He did not mince his words, declaring that "the Viceroy and the Congress were following a policy totally contrary to the declared policy" of the British Government and that if that Government "had a shred of conscience, they would put a stop to the threats which were now being given both by the Viceroy and the Congress."

As to the Nizam's future course of action, Jinnah advised him to act according to his conscience. To Jinnah it was not a matter of political expediency but of principle.

Citing "the greatest martyrdom in history" of Imam Hussain, grandson of the holy Prophet, to preserve and protect the pristine purity of Islam, Jinnah declared that one should die fighting rather than yield on a point of fundamental principle.

Again, while talking to Mountbatten about Hyderabad on 1 November 1947 at Lahore, Jinnah said he had told the Nizam "that he was between the devil and the deep blue sea. If he acceded to India, there would be bloodshed in Hyderabad, and if he did not accede, there would equally be bloodshed.

India continued to pressure Hyderabad into conceding its demand of accession. On 7 June 1948, Prime Minister Liaquat Ali offered to hold a plebiscite on the issue of accession to India or independence, under the auspices of the UN or any other impartial body. V.P. Menon, Secretary, States Department, however, dismissed the offer, demanding that the State first accede to India and devolve powers of legislation in respect of Defence, External Affairs and Communications.

The Ittehad-ul-Muslimeen, an influential political party of the State Muslims, stood for an independent Hyderabad and was opposed to accession to India in any case. Its leaders, in particular Qasim Rizvi, resisted negotiations with India, organising protest demonstrations against the proposed Standstill Agreement.

In a curious volte-face, not uncharacteristic of him, the Nizam wrote to Mountbatten, on 6 September 1947 that "all those people [Ittehad-ul-Muslimeen] are the followers of a certain gentleman [Jinnah] who used to be in Delhi and who had now made Karachi his headquarters.

They consult him in all matter and are his disciples. Mountbatten expostulated with Jinnah about his having influenced the Nizam's decision to reject the Standstill Agreement with India through the Ittehad-ul-Muslimeen delegates who had met him in Karachi in October.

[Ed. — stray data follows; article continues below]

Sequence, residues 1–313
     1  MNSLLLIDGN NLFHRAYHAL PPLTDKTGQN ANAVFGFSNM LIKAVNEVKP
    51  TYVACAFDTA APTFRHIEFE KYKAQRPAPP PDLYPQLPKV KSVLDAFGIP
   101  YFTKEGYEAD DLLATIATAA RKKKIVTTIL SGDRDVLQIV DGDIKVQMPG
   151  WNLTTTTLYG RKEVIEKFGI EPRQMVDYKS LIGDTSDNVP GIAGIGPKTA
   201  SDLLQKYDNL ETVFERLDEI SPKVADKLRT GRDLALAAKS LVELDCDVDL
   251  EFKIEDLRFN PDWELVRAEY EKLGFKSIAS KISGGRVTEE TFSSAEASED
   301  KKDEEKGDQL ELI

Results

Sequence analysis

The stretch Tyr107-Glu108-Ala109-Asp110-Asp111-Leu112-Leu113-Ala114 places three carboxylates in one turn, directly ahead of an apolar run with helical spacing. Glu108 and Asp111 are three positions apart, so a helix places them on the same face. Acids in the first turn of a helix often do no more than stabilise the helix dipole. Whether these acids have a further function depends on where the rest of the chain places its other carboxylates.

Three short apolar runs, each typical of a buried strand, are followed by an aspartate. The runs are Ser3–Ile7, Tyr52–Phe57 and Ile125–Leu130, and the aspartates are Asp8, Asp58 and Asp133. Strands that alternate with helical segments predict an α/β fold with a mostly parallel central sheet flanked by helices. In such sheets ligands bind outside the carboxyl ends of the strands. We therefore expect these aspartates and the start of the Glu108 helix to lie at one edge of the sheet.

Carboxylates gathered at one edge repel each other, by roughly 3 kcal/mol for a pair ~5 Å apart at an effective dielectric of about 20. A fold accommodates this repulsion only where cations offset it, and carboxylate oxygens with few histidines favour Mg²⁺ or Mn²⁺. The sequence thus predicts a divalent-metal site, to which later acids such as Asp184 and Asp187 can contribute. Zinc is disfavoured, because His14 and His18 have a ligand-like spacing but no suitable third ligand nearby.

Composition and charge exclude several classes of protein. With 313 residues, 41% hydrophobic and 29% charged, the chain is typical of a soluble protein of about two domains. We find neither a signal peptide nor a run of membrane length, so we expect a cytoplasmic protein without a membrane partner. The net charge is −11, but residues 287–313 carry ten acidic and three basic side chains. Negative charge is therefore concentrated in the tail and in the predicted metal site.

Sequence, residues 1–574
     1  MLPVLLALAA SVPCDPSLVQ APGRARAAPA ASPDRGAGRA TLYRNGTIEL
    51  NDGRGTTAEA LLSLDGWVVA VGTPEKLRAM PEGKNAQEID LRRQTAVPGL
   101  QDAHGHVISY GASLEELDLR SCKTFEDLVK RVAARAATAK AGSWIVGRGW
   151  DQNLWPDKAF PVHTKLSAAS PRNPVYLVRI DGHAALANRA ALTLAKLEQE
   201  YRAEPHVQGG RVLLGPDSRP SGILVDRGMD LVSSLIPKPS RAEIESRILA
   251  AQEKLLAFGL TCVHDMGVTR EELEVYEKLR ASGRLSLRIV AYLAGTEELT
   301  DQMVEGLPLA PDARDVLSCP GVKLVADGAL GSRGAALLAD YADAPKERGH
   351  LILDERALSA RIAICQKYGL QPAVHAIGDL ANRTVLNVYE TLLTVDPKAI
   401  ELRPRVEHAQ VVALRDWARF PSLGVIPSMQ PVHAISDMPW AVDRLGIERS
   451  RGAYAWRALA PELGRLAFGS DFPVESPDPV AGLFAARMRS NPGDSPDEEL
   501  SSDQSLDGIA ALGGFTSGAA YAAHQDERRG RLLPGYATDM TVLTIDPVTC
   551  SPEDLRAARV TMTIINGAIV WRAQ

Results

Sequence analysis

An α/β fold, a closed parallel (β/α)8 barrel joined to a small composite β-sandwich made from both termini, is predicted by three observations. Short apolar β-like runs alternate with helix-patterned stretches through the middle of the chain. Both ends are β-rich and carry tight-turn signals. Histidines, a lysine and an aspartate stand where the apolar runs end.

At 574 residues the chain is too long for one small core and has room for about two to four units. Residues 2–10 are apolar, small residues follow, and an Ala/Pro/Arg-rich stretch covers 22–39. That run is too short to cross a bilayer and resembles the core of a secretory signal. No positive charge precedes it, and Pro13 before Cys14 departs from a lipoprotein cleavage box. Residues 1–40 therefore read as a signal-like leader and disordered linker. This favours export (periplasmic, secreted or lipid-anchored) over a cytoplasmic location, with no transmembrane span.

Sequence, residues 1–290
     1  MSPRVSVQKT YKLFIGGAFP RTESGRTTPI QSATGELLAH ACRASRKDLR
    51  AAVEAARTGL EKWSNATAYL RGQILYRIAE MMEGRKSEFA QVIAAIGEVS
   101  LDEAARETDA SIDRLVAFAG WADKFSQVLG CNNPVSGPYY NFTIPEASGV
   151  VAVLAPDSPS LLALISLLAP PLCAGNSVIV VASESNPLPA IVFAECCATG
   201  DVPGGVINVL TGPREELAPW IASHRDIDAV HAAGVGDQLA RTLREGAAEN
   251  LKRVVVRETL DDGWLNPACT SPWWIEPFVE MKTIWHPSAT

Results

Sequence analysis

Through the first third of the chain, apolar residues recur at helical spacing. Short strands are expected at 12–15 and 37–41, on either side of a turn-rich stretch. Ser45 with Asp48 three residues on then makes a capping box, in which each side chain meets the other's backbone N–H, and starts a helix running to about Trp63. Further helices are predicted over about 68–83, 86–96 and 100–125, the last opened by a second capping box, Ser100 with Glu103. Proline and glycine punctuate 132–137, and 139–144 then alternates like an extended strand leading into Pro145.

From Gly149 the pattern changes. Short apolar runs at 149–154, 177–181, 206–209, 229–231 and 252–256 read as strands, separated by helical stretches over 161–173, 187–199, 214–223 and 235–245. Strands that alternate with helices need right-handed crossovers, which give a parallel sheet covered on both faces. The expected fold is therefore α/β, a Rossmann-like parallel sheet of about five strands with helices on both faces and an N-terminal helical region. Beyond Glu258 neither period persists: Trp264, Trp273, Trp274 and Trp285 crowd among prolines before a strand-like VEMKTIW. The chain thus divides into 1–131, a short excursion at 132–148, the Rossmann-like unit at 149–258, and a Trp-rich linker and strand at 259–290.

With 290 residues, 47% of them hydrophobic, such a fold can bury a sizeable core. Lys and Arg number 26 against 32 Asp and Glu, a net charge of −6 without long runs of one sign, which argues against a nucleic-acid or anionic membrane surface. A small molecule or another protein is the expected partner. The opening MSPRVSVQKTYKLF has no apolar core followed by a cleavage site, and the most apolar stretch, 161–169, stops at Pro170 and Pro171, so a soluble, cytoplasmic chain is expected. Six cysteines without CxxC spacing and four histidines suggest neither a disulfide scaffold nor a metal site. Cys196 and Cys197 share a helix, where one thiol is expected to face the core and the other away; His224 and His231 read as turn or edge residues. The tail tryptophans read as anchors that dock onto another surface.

Jinnah explained that he had received the delegates only out of courtesy and told them that it was only a question for the Nizam and his own Government to decide.

On 1 June 1948, Jinnah issued a statement from Quetta that "Hyderabad was an independent sovereign State and it was for its duly constituted authority to accede to India or remain an independent dominion."

On 13 September, the Indian army invaded Hyderabad and obtained surrender by the State forces on 17 September 1948. Hyderabad's fall demonstrated the ineptitude of the Nizam and his failure to properly assess the political situation. Attractive concessions had been offered by Mountbatten such as (i) right of Hyderabad State to remain within the Commonwealth; (ii) joint development of a port in the Indian territory for special use of the State; (iii) Nizam's sovereignty over Berar, etc But these failed to induce the Nizam into signing the Instrument of Accession with India.

The tragedy that befell Hyderabad might have been averted by a pragmatic handling of the situation.

KASHMIR: The declassified archival material on Kashmir indicates that British authorities had, in 1946, made up their mind to allocate Kashmir to India in the event of establishment of Pakistan.

In February 1946, Viceroy Wavell wrote on Menon's notional demarcation plan for Pakistan that Gurdaspur must go with India, in a calculated bid to give an exit to India through Pathankot and Gurdaspur. It was implemented through the Radcliffe Award of 16 August 1947 with the blessing of Mountbatten, which gave three tehsils of Gurdaspur out of four to India.

Following partition, Jinnah had to confront the Indo-British conspiracy with the Maharaja of Kashmir as a pawn, and the anti-Pakistan National Conference of Sheikh Abdullah as perpetrators. According to reports filed by Charles W. Lewis, Charge d'Affaires at US Embassy in Delhi with his State Department in October-November 1947, the ruler of Kashmir had been intending to bring his state into the Indian Union... but at all costs to prevent it from adhering to Pakistan.

The ruler demonstrated open partiality towards National Conference and other pro-India elements with a view to "faking popular support for an anti-democratic decision amounting to the political murder of the State's majority community." Nehru's anxiety for annexing Kashmir is evident from a letter he wrote to the Maharaja on 12 December 1947: "I have an intimate and personal interest in it and the mere thought that Kashmir joins Pakistan and become a part of foreign territory for us is hateful to me. I want to do everything that is reasonably possible to prevent". He had been directing Sardar Patel for arranging accession of Kashmir "as rapidly as possible."

The final act of the conspiracy was therefore initiated by the Maharaja by letting loose a reign of terror against the pro-Pakistan Muslim Conference and their Muslim supporters and by hurling baseless charges of infiltration of Pakistani nationals in his State.